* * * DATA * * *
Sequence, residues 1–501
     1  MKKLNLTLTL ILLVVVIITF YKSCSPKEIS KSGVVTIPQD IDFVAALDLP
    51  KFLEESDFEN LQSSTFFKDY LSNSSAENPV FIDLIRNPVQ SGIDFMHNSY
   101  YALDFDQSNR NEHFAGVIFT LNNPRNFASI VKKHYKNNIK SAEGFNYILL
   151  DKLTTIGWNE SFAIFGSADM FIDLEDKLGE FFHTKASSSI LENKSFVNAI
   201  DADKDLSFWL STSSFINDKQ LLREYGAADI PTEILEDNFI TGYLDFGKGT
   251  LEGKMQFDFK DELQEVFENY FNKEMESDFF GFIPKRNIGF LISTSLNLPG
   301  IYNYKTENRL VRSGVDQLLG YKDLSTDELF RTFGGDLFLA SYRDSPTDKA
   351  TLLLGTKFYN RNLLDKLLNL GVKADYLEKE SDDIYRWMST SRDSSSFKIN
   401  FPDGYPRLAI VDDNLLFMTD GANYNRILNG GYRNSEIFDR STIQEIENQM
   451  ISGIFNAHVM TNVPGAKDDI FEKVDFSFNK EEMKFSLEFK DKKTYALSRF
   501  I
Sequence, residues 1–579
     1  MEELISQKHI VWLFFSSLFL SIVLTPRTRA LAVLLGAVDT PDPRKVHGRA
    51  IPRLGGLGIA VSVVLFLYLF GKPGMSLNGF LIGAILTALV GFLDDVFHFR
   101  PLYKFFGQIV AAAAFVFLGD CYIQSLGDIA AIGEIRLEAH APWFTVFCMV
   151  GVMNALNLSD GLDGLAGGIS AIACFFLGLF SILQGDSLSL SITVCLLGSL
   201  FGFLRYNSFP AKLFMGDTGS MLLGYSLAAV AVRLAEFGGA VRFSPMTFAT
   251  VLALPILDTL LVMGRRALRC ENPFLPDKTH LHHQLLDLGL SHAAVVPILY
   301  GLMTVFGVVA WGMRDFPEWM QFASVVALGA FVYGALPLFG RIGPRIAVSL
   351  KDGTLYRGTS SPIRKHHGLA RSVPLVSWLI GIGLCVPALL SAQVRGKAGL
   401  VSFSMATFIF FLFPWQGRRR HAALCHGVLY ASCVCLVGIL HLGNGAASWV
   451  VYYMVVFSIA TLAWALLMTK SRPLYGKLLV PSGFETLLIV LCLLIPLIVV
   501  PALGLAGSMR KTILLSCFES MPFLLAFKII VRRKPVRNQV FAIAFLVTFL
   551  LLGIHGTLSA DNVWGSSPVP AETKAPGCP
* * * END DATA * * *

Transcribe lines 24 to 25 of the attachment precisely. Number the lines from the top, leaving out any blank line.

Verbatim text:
   501  PALGLAGSMR KTILLSCFES MPFLLAFKII VRRKPVRNQV FAIAFLVTFL
   551  LLGIHGTLSA DNVWGSSPVP AETKAPGCP